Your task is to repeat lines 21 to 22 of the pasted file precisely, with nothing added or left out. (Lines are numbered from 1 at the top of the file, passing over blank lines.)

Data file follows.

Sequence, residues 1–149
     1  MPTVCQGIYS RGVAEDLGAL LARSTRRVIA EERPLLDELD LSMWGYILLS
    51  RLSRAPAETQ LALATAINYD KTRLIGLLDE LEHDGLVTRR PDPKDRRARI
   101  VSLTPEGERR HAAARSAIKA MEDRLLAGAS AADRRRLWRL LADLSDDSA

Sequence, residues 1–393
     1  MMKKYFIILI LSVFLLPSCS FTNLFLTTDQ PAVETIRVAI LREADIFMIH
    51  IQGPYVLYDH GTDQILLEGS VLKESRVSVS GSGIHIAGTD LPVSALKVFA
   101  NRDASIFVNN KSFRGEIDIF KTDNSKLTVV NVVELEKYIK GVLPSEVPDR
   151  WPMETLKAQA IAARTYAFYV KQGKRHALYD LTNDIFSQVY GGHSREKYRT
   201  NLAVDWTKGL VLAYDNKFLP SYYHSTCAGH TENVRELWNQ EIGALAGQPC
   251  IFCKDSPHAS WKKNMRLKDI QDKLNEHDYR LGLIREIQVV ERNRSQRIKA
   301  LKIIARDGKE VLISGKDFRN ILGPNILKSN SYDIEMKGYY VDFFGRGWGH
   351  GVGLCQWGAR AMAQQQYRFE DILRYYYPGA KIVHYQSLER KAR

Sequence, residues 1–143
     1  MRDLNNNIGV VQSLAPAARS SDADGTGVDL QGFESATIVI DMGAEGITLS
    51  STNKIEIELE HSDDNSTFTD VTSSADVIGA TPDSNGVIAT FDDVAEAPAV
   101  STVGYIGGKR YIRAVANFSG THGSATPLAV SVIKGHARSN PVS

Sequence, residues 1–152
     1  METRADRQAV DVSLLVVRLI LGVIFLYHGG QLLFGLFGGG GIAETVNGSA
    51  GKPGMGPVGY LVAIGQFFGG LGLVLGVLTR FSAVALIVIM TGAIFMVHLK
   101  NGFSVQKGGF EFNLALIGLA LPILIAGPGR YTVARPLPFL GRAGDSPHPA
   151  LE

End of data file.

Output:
   101  NGFSVQKGGF EFNLALIGLA LPILIAGPGR YTVARPLPFL GRAGDSPHPA
   151  LE